Mom, You're So Embarrassing!

By Chandra Orr

March 5, 2010 5 min read

There's something about prom.

This major teen milestone has the ability to send even the sanest mom and dad into crazy-parent mode -- and though every teen knows there's nothing you parents love more than embarrassing them, now is not the time.

"Teens want to be trusted and treated with respect, especially on prom night," says personal life coach Connie Love. "Gushing about how wonderful they are, hanging around too long at picture-taking time, reminding them of the ground rules in front of their dates -- these things are mortifying to teens because they are trying so hard to be grown-ups on prom night."

Save your teen the heartache. Play it cool and keep a low profile on their big night.

*Skip the Lecture

Don't wait until the big night to touch on touchy subjects. Conversations about curfews, sex and drinking don't need an audience.

"The pre-prom moment isn't the time for lecturing your teen," says Ellen Rittberg, author of "35 Things Your Teen Won't Tell You, So I Will." "Parents should be offering reminders about sex and drinking, but not there in front of everyone right before the send-off."

Instead, discuss your expectations for prom in the weeks leading up to the event.

"Teens can face a lot of pressure to have sex on prom night, whether it's from a friend, a partner or their own desire to 'get it over with' before they go to college," says Amber Madison, author of "Talking Sex With Your Kids: Keeping Them Safe and You Sane -- By Knowing What They're Really Thinking." "Remind them that having sex because of pressure from a partner or friends will certainly lead to regrets -- and the prom isn't an excuse for a partner to be pushy about sex."

Just don't remind them in front of their dates.

"For the most productive talks, you have to talk to your teens when they can focus on what you are saying and actually digest the information," Madison says. "Right as they're running out the door to the prom isn't a time when they're going to be receptive to hearing your advice."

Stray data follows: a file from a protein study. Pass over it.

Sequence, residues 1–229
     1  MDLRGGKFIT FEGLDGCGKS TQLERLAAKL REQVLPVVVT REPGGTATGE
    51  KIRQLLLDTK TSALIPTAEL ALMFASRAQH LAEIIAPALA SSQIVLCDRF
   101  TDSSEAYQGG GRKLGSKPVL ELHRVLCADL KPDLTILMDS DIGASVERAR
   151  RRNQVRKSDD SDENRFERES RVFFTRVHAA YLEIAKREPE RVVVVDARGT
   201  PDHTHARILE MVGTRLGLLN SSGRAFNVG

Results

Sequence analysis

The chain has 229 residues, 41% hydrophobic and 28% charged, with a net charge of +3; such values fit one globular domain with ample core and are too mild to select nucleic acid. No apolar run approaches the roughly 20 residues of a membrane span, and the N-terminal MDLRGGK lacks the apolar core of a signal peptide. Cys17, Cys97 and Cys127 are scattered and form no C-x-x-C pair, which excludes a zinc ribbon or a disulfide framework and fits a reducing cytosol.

While tackling weightier subjects, be sure to stress the importance of check-in phone calls and curfew -- but be flexible. This is a big night, after all.

*Act Your Age

You may feel young at heart, but teens want parents to act their age, so skip the slang and don't try to impress your teen's friends.

"Parents shouldn't act like teenagers. This is a big no-no," Rittberg says. "Teens want their parents to act appropriately parental, which means they don't stick out in any way, shape or form."

Be on your best behavior -- no arguing or nitpicking in front of the prom-goers, no reminiscing over your own wild teen antics, no games of "pull my finger."

"If parents don't understand that bizarre or extreme behavior will totally spoil their teen's special day, they should just put some tape over their mouths and zipper it," Rittberg says.

In addition to putting on your best behavior, don your best duds. Skip the cleavage-baring outfits; put away the sloppy sweatpants; and change out of that Jimi Hendrix T-shirt you've been rocking since 1974.

"Showing up as a sloppily dressed or poorly groomed parent can be a huge embarrassment to a teen on prom night," Rittberg explains. "Straighten up for that all-important ritual gathering prior to the limousine taking off."

*Dont Go Overboard

Keep the compliments short and sweet. It goes against every parent's instinct, but now is not the time to bombard your teens with praise or brag about them in front of friends.

"Teens want to hear that they look beautiful and handsome -- because they do!" Rittberg says. "But here's the caveat: Keep it brief and sincere."

"If you need to gush, spread it around and compliment all of their friends and dates, because chances are they all look stupendous," Rittberg says.

Feel free to capture your teens' good looks on film, but know when to stop snapping.

"It's understandable that parents want to capture such a momentous occasion by taking copious amounts of photographs, but not knowing when to step away and put the camera down can easily embarrass your teen," Rittberg says.

Discuss the photo session with your teens ahead of time, and establish a reasonable compromise as to how many photos to snap. Set a time limit so your teens don't feel rushed to make their dinner reservation.

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